Welcome to the car business!
You walked in the showroom and asked if they are hiring salespeople. A sales manager asks you why you want to sell cars. You tell him that you like cars and you like people. He then asks you to sell him this pen. You make something up on the spot that is neither good nor convincing. The sales manager asks if you can start tomorrow. Four-car-Freda shows you where the keys are and where the cars are parked. She hands you a pad of worksheets and an appraisal pad and says, “Good Luck!”
It should because this was typical in the 1990s and it is still the typical on-boarding process today.
Then we wonder why we have so much trouble recruiting and retaining salespeople.
Here is the truth of the matter: Selling cars is not easy anymore.
Gone are the days when you could just hire anyone off the street to sell cars. We have CRM’s, appraisal apps, texting, email, smartphones, social media, Youtube, and equity mining tools. Not to mention the fact that most new vehicles are rolling computers that require the salespeople to understand on board Wi-Fi, autonomous driving features, and numerous other technology features.
How can we find good people and expect them to stay and excel?
The answer is training.
In order for a new salesperson to feel confident about greeting a client and delivering an outstanding experience, we must train them. There is too much riding on their success. You certainly don’t want your salespeople to practice on your clients, do you? We are told that people only shop 1.6 dealerships before purchasing. That means that if your new untrained salesperson “practices” on 4 clients that don’t buy, then your competitor probably just sold them.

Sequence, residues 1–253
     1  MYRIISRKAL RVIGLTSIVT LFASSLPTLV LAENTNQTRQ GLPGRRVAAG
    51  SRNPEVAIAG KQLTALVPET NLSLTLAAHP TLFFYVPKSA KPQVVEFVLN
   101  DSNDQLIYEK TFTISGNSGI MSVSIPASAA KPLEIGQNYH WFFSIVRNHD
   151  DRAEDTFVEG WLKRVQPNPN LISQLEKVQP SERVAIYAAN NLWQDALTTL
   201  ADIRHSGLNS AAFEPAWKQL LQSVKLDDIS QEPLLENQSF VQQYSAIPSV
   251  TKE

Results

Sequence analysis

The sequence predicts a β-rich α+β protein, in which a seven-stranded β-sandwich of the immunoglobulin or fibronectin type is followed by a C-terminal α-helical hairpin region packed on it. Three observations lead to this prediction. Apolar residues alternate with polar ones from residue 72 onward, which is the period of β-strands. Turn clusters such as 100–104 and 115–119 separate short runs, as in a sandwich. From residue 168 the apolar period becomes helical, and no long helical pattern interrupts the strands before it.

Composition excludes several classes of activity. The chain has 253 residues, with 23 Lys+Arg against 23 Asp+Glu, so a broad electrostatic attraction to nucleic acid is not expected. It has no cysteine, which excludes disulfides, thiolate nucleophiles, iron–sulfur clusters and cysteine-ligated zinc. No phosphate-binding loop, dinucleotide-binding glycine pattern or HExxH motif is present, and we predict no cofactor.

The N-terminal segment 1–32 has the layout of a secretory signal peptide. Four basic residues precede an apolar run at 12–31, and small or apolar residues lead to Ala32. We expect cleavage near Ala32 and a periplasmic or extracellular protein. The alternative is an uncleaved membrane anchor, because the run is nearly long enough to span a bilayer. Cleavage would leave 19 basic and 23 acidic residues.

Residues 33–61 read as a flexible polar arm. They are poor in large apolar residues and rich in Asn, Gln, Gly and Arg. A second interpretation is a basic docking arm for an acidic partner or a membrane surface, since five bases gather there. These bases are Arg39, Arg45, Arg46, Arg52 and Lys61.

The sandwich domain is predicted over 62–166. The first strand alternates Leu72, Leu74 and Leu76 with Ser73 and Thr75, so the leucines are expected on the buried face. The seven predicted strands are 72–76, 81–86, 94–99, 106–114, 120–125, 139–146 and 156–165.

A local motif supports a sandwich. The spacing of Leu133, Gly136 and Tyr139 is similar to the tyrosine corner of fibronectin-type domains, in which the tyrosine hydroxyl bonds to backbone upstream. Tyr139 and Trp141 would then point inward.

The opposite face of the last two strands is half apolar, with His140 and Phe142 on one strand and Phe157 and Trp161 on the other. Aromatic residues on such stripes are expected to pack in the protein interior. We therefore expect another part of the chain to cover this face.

There is good news and bad news when it comes to training. The good news is that there are plenty of qualified people with a lot of knowledge that can help you new salespeople feel more comfortable and be more inclined to stay.
The bad news is that any training that you commit to will be expensive if you choose the right one. It is important that any training you invest in trains your people to YOUR processes. It is also important that your managers follow this process so that there are no mixed messages.
If the automotive industry is going to evolve into the honorable career that it can be, we have to invest in our employees, train them, and hold them accountable.
The results will be a culture that values a great car buying experience and ultimately leads to success for everyone.
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Andy Buck is a Christian, husband, and father of 2. He has been in the automotive business for over 25 years and is skilled at team building, processes, sales, and training. Andy has held every position from salesperson to General Manager and is currently a Recruiter and Trainer for Automax.